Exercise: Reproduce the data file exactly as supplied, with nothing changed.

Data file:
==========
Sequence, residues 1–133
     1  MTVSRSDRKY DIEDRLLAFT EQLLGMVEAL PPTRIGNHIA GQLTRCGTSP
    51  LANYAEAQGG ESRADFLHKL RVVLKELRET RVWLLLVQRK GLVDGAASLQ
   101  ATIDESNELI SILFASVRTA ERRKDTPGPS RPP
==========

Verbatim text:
Sequence, residues 1–133
     1  MTVSRSDRKY DIEDRLLAFT EQLLGMVEAL PPTRIGNHIA GQLTRCGTSP
    51  LANYAEAQGG ESRADFLHKL RVVLKELRET RVWLLLVQRK GLVDGAASLQ
   101  ATIDESNELI SILFASVRTA ERRKDTPGPS RPP